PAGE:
Border crossing refers to the practice of going beyond preconceived categories of what is legitimate and what is not. We can achieve innovation in the workplace by placing greater importance on understanding our employees.
What is Border Crossing?
Border crossers can check their presumptions about their role and venture into unfamiliar territory. Gaining a broader perspective of functions and responsibilities can provide valuable information about how different departments can work together. As an example, I could set aside notions of what it means to be an “employee”, what it means to be a “mom”, and even what “home” means. This way, I can explore new meanings of these concepts that I had previously constructed. This can seep into roles or positions within companies. For instance, a developer can cross a border into human resources. They can explore what it means to take care of a team, resource plan, and be conscious of the company as a whole.
Why is Border Crossing Valuable?
In a world that is continually growing and imagining, there are opportunities that allow for the creation of new identities and the definitions that surround them. For example, previously, most people would assume that women had to choose between work and having a family. However, over time women explored what it would mean to work AND have a family. Many different scenarios come from this exploration. Employing full-time childcare, working part-time, working from home and balancing the mother and employee roles simultaneously. You can start to see how multiple people create different views based on their experiences and begin exploring beyond preconceived notions.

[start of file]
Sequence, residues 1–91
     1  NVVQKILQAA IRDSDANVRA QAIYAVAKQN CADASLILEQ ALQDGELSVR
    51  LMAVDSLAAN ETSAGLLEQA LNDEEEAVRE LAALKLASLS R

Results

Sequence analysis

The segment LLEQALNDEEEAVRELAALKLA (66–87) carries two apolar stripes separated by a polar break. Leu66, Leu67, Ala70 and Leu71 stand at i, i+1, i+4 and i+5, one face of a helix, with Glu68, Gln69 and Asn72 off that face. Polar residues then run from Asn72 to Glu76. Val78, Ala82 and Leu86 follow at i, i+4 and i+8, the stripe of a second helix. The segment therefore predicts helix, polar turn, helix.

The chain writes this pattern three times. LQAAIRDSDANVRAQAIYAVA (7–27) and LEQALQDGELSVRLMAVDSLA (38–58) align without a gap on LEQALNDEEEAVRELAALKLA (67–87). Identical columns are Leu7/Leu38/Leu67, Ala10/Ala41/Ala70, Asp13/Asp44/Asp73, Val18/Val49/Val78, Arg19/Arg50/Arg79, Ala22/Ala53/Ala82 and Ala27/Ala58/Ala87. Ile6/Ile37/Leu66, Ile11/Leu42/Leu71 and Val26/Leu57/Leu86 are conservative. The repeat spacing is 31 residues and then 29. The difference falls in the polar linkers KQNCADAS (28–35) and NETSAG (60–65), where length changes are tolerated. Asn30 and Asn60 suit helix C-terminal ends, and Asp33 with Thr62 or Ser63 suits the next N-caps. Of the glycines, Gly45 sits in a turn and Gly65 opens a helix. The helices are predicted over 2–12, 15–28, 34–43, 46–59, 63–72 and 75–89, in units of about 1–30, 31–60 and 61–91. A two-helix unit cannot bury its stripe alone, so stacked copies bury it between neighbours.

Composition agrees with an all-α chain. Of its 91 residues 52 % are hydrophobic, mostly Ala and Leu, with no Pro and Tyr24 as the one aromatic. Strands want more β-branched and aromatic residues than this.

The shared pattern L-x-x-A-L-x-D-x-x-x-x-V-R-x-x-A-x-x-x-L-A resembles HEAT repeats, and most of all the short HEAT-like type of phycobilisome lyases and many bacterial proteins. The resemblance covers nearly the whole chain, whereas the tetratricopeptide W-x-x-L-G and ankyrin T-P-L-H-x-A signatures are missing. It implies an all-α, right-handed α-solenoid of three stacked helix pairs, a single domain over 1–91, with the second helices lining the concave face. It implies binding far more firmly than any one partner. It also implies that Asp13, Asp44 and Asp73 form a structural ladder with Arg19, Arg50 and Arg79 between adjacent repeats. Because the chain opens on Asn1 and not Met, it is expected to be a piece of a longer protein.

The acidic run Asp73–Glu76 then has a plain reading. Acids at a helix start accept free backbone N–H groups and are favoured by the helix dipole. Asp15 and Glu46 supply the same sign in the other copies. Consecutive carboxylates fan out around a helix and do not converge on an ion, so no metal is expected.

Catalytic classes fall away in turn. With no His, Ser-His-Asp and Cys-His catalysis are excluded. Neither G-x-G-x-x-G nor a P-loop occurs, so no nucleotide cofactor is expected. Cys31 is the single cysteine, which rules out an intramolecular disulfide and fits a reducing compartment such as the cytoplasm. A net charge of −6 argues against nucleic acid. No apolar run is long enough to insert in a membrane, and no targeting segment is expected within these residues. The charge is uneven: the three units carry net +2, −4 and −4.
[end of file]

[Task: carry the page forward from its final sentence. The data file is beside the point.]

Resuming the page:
How can Border Crossing increase innovation in the workplace?
As an employer or someone who works in Human Resources, border crossers are important to acknowledge. They are innovators identifying new ways to implement unique benefits to employees. Border crossing provides them an opportunity to learn and grow themselves and broaden their perspective in a world that is often centered on taking care of one’s own self. This can create community and culture that is more empathetic and caring, and therefore more appealing to the workforce. The concept of border crossing can even filter into different departments and industries, allowing for better collaboration and problem-solving.
What can you do to understand your employees?
Taking the time to listen to employees and their use of vocabulary helps you realize and understand their needs. Richard Roty (1989) explains in his book that “the human self is created by the use of vocabulary rather than being adequately or inadequately expressed in a vocabulary (p. 7 italizied added). This means it’s unfair for us to place people in boxes based on our own perspectives. People should not be defined by preconceived ideas. Every person is unique and their perspectives and values are unique. Innovative workplaces will listen and create a community that formulates space for these identities. Furthermore, including benefits that honor border crossers will help employees feel valued. Therefore, creating higher retention of those invaluable employees.